Pro-wrestling star and ECW legend Mikey Whipwreck recently spoke to WrestleZone’s Bill Prichard about a variety of topics, including the legacy that ECW has left behind, some surreal experiences he’s had in the business, and what advice he would give to a younger version of himself. Highlights are below.
Advice he would give to a younger version of himself:
“Honestly what I would say is when Paul E. comes and asks what you think, in May/June 1995, about doing a program with the Sandman…you tell him no. [laughs] No, seriously, that whole period for me was just…it never made any sense to me. It was just awesome and it was amazing, but it didn’t make any sense. A buddy of mine, Stormin’ Norman, went to wrestling school with Sunny Blaze and Sunny would not take money from me to train because he felt he’d be ripping me off. He thought there was no way I’d ever make it in the wrestling business just because of my size, and then I started wrestling. Then Paul E., after a while, put the TV belt on me without me doing any offensive at all.”
On surreal wrestling experiences he’s had, including replacing terry Funk.
“So, then I’m the Television Champion and I’m like ‘oh that’s cool’ and then Terry Funk is not gonna show up in August during the NWA tournament, and I’m gonna replace Terry Funk and logically that makes no sense. You’re gonna replace Terry Funk with Mikey Whipwreck? I would’ve been screaming ‘refund’ myself. So, then I’m teaming with Cactus Jack who I’d been a huge fan of, and I pretty much idolized him,’ Whipwreck said, ‘just watching him on TV when he was down in Texas and he’s a Long Island guy and I’m like ‘this guy’s f*cking awesome!’ So, to get to meet him and team with him and then get to become friends with him was surreal. And then to win the tag team belts with him is just insanity and then to win the belt from Hak, I’m just like ‘this is insane, this doesn’t make any sense.’ I’m not even supposed to be there. It’s like the guy from Clerks, ‘I’m not even supposed to be here today!’… I’m not supposed to be there, ever. It all happened by a fluke and I would tell myself now, I’d say ‘take a minute and enjoy it.’ It was so much fun but I didn’t take the time to stop and take it all in. Ya know it was just next, next, next, next, so I would tell myself to just every now and then take a break,” Whipwreck said, “just sit down, look around and take it all in. Terry Funk used to tell me, ‘before ya know it, your career is over,’ and I’d say ‘Terry, you’ve been saying that forever,’ but he’s right. I’m 47 now and it just seems like when I look back, [I see] just how fast it went.’”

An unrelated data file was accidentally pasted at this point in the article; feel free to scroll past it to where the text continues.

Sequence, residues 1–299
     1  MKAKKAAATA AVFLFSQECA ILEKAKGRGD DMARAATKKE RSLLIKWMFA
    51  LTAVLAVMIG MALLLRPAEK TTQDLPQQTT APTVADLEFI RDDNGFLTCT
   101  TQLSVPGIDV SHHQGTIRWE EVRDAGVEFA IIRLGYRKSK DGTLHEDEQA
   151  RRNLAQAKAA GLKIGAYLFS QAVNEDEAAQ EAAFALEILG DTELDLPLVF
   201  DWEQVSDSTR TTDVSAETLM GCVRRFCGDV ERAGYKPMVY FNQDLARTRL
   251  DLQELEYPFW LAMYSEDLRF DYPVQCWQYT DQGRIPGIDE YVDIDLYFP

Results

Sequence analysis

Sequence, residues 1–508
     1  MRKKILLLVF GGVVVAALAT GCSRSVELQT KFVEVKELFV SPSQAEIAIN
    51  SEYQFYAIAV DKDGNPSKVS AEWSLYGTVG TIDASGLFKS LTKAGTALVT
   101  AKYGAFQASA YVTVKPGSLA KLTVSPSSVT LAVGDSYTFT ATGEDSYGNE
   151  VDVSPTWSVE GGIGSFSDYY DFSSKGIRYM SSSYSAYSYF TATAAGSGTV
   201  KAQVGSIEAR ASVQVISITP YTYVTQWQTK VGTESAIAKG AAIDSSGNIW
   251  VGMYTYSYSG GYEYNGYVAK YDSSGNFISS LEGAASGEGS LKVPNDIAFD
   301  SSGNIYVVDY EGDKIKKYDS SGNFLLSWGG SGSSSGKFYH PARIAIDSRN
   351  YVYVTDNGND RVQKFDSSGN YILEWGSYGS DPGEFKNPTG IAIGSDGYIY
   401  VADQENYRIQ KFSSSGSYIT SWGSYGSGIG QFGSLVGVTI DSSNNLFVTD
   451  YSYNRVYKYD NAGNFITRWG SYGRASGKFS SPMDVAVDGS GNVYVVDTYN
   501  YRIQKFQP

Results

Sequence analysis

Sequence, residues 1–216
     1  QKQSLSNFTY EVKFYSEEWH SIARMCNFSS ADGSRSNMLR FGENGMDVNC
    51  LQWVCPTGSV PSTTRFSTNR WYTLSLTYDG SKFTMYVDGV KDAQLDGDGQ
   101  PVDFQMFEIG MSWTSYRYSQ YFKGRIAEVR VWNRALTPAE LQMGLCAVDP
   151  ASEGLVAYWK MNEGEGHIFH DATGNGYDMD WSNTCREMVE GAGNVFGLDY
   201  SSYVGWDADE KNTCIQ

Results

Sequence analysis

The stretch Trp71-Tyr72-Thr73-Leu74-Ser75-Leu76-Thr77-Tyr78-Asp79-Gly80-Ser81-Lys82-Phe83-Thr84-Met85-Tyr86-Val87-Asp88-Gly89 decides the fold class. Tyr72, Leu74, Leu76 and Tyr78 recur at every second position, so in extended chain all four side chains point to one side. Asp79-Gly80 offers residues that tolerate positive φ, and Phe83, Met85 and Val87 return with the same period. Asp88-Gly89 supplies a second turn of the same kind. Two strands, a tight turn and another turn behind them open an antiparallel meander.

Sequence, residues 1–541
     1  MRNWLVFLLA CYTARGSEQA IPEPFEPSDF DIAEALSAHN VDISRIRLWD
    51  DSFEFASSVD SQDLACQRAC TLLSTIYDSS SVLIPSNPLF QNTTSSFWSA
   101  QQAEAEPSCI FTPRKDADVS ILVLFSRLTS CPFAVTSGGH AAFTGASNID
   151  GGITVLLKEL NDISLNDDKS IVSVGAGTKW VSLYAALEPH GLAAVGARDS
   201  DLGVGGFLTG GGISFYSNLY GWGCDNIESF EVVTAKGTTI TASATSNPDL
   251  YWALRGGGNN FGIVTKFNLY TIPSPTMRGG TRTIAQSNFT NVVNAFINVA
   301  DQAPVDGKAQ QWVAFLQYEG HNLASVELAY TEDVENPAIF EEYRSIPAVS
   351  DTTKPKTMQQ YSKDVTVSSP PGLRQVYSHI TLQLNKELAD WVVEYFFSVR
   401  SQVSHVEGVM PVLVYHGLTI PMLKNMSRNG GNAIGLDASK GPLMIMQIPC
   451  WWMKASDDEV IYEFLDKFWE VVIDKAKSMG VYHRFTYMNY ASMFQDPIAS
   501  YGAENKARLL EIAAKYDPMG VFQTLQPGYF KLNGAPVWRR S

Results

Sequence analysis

On the legacy of ECW:
“A whole new generation of people can come and watch it. Because when I was coming in and people were talking about these matches,” Whipwreck explained, “you’d have to get a videotape or go somewhere and buy it but now with the [WWE] Network, you just go on there and watch it. I think Peacock will bring a whole new level of potential exposure because I think the Peacock network is gonna get a lot more [attention] than the WWE Network did. So, I mean it potentially just rolled out to many, many more millions of people with the ability to see it. So, it’s cool, you don’t expect it. It’s like okay, ECW is gone, done, but every now and then something pops up and we get somewhat relevant again.”